Why the Fascination With 'Bad Teachers'?
Education Week - over 3 years
Writing in Time, Dana Goldstein highlights an apparently much-anticipated new novel called Tampa by Alissa Nutting. Based loosely on the brief, scandalous education career of Debra Lafave, the book depicts a nymphomanicaland, according to the publisher, "smoldering"Florida middle school teacher who seduces an 8th grade boy. Again according to the publisher, "body-slamming erotic encounters" and much deception ensue.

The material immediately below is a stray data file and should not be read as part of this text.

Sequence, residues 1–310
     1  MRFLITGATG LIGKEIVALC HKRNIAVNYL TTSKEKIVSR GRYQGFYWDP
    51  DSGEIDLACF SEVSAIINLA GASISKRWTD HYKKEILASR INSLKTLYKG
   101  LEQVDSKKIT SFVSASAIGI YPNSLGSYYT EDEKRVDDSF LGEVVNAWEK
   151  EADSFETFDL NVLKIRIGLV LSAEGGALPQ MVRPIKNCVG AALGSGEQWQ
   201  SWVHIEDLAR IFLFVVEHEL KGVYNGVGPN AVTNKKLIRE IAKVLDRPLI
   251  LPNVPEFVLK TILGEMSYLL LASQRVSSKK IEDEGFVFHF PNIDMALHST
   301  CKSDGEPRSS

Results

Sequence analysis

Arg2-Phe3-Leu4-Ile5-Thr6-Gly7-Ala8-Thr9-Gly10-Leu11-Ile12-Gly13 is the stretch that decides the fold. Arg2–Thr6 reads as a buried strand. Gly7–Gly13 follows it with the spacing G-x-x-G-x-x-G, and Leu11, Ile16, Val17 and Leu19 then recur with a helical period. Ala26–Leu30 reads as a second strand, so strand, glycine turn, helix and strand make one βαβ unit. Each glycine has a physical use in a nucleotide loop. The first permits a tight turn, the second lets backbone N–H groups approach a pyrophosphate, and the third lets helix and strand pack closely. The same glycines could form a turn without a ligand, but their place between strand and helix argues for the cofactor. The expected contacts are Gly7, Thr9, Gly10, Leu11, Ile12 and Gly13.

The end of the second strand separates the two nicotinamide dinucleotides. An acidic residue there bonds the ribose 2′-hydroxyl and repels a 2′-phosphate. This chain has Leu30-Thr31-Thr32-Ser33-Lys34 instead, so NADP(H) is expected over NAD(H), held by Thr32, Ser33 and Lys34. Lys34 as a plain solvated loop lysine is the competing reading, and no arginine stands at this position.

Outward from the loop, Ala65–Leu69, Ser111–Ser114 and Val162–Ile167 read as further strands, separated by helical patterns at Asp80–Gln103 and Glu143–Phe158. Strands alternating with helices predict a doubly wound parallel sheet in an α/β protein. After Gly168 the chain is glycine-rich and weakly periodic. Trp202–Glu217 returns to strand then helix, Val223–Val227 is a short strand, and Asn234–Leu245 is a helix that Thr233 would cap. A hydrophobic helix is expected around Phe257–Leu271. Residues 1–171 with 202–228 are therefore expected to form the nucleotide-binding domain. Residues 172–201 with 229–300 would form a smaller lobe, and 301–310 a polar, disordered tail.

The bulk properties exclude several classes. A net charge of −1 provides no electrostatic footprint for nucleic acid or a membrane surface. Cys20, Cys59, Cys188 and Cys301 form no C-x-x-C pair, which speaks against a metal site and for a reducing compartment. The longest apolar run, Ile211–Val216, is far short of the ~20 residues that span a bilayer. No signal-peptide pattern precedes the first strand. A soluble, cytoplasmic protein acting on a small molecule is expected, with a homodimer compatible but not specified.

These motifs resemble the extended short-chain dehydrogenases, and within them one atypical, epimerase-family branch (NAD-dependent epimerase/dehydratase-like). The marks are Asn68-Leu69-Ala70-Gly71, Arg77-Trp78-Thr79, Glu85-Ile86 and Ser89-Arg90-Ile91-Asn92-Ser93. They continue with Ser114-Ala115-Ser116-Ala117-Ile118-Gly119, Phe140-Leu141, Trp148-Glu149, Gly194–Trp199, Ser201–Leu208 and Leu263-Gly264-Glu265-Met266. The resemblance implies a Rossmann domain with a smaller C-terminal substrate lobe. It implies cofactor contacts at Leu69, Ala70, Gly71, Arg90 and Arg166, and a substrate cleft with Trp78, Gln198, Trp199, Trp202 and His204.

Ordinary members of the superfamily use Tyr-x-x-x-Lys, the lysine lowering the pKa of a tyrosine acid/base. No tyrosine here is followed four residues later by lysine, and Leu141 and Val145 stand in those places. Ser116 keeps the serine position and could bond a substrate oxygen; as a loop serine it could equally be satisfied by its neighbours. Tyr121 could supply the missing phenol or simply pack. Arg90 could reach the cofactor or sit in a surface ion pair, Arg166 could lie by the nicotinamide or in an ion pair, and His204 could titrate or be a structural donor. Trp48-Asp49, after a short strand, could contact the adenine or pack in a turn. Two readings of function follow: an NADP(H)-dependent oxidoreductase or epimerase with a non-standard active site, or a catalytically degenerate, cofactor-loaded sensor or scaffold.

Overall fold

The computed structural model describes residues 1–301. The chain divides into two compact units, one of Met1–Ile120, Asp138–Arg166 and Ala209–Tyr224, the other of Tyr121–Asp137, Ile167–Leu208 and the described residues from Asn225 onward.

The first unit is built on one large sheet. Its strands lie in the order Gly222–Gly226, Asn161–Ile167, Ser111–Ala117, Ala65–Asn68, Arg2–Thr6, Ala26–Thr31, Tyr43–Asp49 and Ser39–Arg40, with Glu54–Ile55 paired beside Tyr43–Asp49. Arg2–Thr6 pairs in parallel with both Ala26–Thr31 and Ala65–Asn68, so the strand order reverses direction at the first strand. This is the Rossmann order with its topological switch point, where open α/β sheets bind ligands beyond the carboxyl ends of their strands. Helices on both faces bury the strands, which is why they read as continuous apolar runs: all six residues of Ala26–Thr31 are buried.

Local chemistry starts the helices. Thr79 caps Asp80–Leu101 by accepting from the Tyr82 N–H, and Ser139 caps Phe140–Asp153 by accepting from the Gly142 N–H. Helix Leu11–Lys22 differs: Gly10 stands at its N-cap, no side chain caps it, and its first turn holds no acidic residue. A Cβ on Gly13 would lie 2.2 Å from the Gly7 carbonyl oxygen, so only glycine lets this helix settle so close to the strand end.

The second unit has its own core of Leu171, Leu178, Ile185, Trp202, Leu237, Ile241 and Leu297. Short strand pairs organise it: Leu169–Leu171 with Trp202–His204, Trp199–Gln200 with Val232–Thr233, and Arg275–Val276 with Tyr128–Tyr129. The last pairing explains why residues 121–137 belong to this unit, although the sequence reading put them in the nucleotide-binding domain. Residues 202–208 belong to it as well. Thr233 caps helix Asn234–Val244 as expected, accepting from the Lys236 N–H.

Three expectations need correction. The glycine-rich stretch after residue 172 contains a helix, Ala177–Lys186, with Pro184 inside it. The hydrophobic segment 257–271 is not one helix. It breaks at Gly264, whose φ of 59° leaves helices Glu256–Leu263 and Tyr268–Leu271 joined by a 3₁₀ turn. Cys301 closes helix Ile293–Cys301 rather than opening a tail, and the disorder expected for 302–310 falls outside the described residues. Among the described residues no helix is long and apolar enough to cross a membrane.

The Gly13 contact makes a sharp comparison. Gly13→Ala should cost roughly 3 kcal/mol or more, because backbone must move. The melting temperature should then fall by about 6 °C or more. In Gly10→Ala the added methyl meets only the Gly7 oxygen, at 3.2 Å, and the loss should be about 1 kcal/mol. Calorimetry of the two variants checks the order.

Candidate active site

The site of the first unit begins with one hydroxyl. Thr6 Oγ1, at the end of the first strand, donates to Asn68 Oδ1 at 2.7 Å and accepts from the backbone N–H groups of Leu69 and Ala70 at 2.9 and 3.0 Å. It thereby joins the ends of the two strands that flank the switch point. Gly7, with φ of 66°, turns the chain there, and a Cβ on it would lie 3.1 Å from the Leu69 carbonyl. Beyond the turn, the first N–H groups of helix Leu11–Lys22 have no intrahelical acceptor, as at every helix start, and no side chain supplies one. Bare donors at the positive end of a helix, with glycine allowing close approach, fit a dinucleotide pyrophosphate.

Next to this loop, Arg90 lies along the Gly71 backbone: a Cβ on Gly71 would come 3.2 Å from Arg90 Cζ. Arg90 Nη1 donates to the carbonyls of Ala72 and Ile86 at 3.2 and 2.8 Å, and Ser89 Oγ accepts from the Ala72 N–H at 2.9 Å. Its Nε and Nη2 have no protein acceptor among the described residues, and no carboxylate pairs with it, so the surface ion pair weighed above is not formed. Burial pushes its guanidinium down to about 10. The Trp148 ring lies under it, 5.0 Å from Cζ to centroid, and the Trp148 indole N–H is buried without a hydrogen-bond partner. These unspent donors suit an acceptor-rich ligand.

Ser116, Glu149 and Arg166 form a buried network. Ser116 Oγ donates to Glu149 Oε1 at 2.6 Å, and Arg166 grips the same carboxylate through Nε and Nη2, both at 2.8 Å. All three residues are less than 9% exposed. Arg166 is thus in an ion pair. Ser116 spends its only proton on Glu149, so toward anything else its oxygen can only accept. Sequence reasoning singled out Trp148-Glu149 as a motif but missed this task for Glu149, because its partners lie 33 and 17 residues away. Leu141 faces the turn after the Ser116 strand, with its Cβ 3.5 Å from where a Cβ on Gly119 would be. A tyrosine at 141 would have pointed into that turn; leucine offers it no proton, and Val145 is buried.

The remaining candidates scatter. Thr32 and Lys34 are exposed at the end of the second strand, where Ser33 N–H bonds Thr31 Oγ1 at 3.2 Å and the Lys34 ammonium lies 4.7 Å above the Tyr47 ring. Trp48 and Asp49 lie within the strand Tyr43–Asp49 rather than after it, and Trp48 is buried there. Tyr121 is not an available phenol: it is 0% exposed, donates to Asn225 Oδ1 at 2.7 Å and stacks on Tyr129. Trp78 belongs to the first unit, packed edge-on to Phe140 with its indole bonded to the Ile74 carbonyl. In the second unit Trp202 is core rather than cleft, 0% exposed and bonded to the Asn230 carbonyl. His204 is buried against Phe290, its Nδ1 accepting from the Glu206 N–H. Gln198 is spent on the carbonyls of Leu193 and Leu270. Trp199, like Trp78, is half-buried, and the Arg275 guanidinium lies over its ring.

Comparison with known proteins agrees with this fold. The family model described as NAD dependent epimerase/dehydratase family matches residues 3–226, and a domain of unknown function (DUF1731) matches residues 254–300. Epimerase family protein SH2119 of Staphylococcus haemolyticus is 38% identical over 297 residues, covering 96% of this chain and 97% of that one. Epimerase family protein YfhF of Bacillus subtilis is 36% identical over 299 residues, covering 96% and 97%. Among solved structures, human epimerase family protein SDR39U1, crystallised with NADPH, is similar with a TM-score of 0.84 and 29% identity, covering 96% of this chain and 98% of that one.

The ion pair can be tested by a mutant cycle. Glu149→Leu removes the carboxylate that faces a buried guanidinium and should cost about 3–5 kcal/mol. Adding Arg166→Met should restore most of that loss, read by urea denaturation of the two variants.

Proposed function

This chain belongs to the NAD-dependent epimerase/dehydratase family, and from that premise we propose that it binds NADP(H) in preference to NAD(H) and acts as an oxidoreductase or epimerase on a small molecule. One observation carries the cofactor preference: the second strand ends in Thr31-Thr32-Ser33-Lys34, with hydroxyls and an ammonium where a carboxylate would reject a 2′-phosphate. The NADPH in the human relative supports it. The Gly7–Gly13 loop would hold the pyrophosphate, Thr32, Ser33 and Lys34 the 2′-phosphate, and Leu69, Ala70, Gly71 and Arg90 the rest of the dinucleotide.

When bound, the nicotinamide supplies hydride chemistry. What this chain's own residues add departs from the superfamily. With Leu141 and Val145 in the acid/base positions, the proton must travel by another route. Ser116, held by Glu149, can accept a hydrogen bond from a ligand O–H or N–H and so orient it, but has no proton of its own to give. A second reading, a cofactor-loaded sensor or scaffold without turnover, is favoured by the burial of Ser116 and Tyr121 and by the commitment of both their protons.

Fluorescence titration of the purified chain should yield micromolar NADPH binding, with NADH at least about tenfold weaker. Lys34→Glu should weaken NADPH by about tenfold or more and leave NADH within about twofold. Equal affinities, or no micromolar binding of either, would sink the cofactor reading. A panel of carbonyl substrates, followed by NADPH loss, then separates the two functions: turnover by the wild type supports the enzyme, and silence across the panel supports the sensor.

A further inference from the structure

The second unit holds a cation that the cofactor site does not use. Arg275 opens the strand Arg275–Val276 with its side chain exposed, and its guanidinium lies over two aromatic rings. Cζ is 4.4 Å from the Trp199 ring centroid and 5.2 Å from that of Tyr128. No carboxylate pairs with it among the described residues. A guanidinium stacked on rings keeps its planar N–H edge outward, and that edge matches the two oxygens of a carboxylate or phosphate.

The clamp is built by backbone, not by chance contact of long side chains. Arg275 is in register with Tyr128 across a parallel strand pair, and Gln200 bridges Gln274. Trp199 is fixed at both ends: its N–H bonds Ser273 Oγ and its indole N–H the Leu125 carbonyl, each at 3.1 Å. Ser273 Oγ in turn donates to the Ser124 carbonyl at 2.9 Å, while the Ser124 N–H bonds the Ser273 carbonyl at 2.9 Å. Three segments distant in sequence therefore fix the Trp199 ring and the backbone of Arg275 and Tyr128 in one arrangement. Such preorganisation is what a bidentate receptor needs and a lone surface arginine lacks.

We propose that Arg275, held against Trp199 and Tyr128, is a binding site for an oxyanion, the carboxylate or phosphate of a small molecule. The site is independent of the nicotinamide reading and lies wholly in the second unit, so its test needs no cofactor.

Reflecting on the whole "bad teacher" genre as represented by movies and books like Tampa, Goldstein wonders about the American public's ongoing fascination with stories about "despicable, or at least morally compromised" teachers. Her theory: Even aside from presenting an inherent contradiction that makes for enticing entertainment, "the bad teacher has also become an overhyped target for our national anxiety about public education." This phenomenon, she argues, has been fueled at least partly by recent education-policy debates:
In general, our national
Education Week article